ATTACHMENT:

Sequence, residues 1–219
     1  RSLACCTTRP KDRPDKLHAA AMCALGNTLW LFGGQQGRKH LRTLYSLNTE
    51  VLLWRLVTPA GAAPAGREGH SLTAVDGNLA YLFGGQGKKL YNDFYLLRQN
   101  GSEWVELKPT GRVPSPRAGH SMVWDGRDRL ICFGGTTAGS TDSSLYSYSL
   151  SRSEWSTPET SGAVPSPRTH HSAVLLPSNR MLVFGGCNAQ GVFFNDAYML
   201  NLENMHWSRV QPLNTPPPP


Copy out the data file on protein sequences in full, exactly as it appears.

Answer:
Sequence, residues 1–219
     1  RSLACCTTRP KDRPDKLHAA AMCALGNTLW LFGGQQGRKH LRTLYSLNTE
    51  VLLWRLVTPA GAAPAGREGH SLTAVDGNLA YLFGGQGKKL YNDFYLLRQN
   101  GSEWVELKPT GRVPSPRAGH SMVWDGRDRL ICFGGTTAGS TDSSLYSYSL
   151  SRSEWSTPET SGAVPSPRTH HSAVLLPSNR MLVFGGCNAQ GVFFNDAYML
   201  NLENMHWSRV QPLNTPPPP